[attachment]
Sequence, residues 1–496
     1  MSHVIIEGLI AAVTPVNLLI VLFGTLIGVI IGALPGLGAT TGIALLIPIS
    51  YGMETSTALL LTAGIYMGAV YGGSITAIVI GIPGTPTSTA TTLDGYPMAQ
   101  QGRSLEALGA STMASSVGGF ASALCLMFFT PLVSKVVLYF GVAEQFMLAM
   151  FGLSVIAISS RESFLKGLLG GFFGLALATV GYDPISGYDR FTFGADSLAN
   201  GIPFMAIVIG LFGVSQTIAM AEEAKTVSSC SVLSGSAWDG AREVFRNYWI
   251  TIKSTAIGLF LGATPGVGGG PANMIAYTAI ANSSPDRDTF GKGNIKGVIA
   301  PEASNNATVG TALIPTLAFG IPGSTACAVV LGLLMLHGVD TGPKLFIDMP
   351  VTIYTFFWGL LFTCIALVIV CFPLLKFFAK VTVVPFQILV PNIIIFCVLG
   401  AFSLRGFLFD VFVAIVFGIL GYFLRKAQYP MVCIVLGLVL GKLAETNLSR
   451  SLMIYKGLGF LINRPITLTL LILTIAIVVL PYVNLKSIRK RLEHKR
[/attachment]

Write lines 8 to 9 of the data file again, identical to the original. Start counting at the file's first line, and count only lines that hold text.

   301  PEASNNATVG TALIPTLAFG IPGSTACAVV LGLLMLHGVD TGPKLFIDMP
   351  VTIYTFFWGL LFTCIALVIV CFPLLKFFAK VTVVPFQILV PNIIIFCVLG